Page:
En-route to Pura Tanah Lot, we drove past Tegalalang Rice Terrace. Rice terrace is a method of growing rice paddies, where the farmers carved out steps on the slope of the hill to grow these paddies. By using this method, the rice farmers are able to reduce erosion and support rice paddy farming, which requires irrigation. Visiting the rice terrace is by no means free, as soon as our vehicle pulls over at the curb, a local came running towards us to collect money for the viewing of rice terrace. At the time or our visit, most of the rice paddies had already been harvested, only a small quantity is left over for harvest. We could still see the some of the farmers harvesting what is left for harvesting. Despite this, the rice terrace still presents itself as a magnificent sight to be awed. We went down to one of the rice terraces to take a closer look how the rice terrace looks like up close. What we saw is essentially a shallow waterhole with some seedlings planted onto it. We left the rice terrace after taking some pictures.

 

Rice terrace at Tegalalang
My friends at the rice terrace
Taking wefie at Tegalalang Rice Terrace
Panoramic shot of the rice terrace

Pura Tanah Lot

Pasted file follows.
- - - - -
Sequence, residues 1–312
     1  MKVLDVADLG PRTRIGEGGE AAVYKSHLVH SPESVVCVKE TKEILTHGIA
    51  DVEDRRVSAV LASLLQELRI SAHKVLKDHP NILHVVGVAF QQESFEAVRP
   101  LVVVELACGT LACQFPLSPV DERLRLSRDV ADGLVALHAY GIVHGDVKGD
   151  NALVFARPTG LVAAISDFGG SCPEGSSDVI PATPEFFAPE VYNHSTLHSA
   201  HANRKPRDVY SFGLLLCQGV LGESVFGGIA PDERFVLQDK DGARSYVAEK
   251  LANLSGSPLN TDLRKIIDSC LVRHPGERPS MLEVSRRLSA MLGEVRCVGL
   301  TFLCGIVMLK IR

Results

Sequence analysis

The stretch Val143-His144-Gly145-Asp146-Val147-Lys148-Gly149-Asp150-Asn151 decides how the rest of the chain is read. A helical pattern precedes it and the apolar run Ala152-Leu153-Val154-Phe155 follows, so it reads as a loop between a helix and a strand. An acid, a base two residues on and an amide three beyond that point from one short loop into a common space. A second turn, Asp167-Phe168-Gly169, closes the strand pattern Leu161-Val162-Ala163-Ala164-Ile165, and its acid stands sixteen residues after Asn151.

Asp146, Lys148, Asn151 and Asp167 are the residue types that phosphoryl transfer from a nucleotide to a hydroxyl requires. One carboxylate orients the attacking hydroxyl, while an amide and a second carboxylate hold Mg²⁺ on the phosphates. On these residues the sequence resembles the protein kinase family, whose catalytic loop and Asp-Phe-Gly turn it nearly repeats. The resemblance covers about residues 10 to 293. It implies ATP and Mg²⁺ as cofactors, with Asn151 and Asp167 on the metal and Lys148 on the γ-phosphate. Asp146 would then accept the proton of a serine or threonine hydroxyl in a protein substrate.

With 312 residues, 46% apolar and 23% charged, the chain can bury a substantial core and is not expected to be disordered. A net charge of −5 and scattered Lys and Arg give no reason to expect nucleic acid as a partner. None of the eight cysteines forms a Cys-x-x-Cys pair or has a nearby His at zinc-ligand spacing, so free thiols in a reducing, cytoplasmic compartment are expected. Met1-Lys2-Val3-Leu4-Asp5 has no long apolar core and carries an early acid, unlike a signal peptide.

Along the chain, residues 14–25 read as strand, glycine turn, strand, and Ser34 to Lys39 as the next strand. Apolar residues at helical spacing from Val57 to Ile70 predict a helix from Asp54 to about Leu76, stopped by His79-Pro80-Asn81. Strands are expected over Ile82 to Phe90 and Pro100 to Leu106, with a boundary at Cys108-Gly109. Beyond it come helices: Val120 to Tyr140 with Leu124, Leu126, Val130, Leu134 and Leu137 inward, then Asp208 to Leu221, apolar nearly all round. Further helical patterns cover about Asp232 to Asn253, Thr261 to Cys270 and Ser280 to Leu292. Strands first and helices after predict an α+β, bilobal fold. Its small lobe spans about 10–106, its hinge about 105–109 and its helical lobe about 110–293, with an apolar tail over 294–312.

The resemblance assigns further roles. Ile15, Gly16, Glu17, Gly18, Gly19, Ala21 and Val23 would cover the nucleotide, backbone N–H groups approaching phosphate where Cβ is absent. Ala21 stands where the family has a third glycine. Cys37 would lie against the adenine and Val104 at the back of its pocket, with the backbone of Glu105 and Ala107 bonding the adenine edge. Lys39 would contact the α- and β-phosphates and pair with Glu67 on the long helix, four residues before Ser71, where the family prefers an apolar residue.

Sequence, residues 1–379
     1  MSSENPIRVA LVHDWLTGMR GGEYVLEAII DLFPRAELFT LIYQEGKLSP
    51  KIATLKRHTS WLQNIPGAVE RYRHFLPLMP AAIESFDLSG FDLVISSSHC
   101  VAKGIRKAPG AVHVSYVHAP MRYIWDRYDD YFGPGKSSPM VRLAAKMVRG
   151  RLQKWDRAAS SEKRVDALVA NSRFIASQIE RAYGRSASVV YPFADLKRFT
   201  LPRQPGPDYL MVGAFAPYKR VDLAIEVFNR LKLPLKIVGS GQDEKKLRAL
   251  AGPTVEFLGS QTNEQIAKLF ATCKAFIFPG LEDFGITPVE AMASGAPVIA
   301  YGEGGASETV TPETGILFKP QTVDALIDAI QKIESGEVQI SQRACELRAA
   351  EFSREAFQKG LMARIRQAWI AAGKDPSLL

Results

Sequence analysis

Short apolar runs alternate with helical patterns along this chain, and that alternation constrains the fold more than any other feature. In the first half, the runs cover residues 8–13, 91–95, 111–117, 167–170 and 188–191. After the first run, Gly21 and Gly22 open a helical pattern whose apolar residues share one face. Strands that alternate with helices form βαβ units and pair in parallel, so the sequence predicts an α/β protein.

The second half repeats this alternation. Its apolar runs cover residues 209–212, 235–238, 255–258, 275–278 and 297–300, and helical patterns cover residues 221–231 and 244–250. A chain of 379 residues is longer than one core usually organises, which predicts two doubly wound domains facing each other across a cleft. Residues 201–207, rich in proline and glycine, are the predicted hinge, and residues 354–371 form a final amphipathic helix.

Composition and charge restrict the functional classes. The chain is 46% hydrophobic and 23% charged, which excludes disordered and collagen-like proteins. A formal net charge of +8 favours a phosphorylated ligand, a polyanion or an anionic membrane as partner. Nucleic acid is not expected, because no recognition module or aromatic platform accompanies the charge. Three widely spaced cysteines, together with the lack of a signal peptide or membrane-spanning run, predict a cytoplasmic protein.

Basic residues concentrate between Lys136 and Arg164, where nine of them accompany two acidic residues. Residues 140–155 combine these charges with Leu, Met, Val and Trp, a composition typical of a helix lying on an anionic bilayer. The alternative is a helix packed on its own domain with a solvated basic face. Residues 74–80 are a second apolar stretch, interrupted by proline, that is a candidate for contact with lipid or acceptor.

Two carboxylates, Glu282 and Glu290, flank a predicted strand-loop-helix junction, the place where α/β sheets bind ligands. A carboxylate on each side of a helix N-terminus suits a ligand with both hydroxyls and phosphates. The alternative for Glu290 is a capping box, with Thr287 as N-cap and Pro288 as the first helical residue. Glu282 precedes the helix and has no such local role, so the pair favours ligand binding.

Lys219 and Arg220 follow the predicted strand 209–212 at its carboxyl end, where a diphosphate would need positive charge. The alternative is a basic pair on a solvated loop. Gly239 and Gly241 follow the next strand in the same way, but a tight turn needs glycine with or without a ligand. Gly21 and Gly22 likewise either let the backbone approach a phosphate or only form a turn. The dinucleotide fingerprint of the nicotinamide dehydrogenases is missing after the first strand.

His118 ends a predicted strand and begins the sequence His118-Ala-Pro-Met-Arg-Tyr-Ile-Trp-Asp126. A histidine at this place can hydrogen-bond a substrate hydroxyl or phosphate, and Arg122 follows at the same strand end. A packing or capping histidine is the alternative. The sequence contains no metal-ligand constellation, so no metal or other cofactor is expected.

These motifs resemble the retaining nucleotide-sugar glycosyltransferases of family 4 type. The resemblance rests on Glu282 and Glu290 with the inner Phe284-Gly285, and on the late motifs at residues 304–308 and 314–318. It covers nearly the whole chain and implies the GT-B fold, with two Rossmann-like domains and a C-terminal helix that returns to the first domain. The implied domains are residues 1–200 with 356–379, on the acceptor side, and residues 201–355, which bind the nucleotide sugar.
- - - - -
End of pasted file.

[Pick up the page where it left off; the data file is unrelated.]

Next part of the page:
Our final stop for the day is Pura Tanah Lot. The drive from Tegalalang Rice Terrace to Pura Tanah Lot usually takes around 2 hours. As we told our driver that we would want to see sunset at Tanah Lot, he made completed the drive in 1 hours. We were in time for sunset! Pura Tanah Lot is a temple built on an island off the coast of Bali. The temple is dedicated for the prayers to the Sea Gods in Hinduism mythology. Coming from the carpark, we were at a path that leads to 2 temples on the left and the right. The temple on the right, nested on top of a rock formation out into the sea is Pura Tanah Lot. At this point, the receding coastline tells us that it is low tide, meaning we can walk over to the base of Pura Tanah Lot to receive blessings from the priest there. The temple itself is closed at the time of our visit. Even if it is open, we will not be allowed entry as only devotees who come here to pray dressed in the traditional Balinese prayer outfit will be allowed entry into the temple. After we got our blessings, since we were not able to head up to the temple grounds, we walked over to the rocks on the coastline to watch sunset and listened to the rhythm of the waves hitting onto the coastal rocks. The sound created by the waves is very soothing, coupled with the view of the sunset, it feels like one can stay here all day long. After sunset, we headed back to the carpark to look for our driver. Afterall it is already dark. As the darkness fell, so did the liveliness around Pura Tanah Lot. What was bustling in the day soon turned to silence as soon as the sun called it a day. We had requested our driver to drop us a Kuta, where we had our dinner. As I always tell my friends, when visiting Bali, one will always end up in Kuta, be it for food, for massage or for shopping. With the sunsetting at Pura Tanah Lot, this concludes our day trip around (mainly) East and North of the island of Gods. We spent the next 2 days lazing around in the villa and shopping in places like Seminyak and Kuta.